The Myth Behind the Tooth Fairy
Most people have grown up on folktales and stories from around the world. Due to American pop culture, certain folk stories have got international recognition, like Santa Claus or Tooth Fairy. Focusing on Tooth Fairy, most people might not be aware that the general idea of Tooth Fairy’s legend has been prevalent in many different cultures. The American version is the most recognizable one, where a child places his lost baby tooth under the pillow hoping to get a reward the next morning. Let us see how this legend evolved into its modern incarnation!
- Old tooth myths: The story of the Tooth Fairy as we know is a recent creation and like other myths, it has evolved. According to early European legends, a child’s baby tooth must be buried to spare the child from hardships in the next life. The general tradition of Tooth Fairy also came out of Europe and it was inspired by fairy tales and literature from the recent times.
- Traditions around the world: The most popular image of “Tooth Deity” is surprisingly that of a mouse. It was said that a mouse would enter the rooms of children and remove baby teeth. Russia, Spain, and many Asian countries like China have this tradition. The reason for mice being the symbol of the Tooth Fairy in many cultures is because rodents can grow their teeth their entire life. Other cultures had different animals like beavers, dogs, cats or squirrels, as their “Tooth Fairy.”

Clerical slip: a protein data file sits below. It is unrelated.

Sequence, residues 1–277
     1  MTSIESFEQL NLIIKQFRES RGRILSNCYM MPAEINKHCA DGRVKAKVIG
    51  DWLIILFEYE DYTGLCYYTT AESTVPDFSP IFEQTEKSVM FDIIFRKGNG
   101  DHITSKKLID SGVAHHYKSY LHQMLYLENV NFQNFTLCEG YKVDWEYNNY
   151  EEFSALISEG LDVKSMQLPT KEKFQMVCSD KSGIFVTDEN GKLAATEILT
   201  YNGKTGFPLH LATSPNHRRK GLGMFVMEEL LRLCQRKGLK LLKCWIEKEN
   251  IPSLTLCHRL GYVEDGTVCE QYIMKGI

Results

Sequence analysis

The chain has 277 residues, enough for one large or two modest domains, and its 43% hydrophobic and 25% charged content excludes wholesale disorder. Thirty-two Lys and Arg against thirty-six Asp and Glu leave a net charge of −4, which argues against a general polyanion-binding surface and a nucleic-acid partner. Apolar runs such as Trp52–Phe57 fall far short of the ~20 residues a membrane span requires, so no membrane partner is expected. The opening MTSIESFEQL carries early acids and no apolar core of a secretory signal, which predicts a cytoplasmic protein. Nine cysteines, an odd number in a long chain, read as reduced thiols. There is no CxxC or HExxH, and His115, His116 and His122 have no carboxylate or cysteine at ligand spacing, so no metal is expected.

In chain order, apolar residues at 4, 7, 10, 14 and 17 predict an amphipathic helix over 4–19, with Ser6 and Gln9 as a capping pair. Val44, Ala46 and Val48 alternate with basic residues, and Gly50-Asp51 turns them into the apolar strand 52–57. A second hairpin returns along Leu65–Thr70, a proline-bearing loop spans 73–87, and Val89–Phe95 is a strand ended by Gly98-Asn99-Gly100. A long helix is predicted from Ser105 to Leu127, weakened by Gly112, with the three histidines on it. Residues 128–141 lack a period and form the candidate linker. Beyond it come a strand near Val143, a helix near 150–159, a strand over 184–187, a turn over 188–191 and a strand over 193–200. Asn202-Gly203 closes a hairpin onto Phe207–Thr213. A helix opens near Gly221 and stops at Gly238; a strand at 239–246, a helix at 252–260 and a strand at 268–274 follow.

Some traditional rituals of the Tooth Fairy in different cultures included:
- Throwing the tooth into a fire
- Throwing the tooth backward between legs
- Throwing the tooth onto or over the roof of the house
- Put the tooth inside a tree
Why should children believe in it?
Losing a tooth can be a painful and scary experience for children. In such a situation, making them believe in a harmless myth can provide a much-needed comfort. Presently, the tradition has been modified so that children till a certain age get some rupees on losing baby teeth. This is a good way to teach kids how to manage money.
To conclude, Tooth Fairy despite appearing to be a western folk legend, was practiced in many different cultures. Today, dentists use the story of the Tooth Fairy to encourage dental hygiene. The notion of a tooth fairy makes maintaining oral health easier for children, and that’s very reassuring!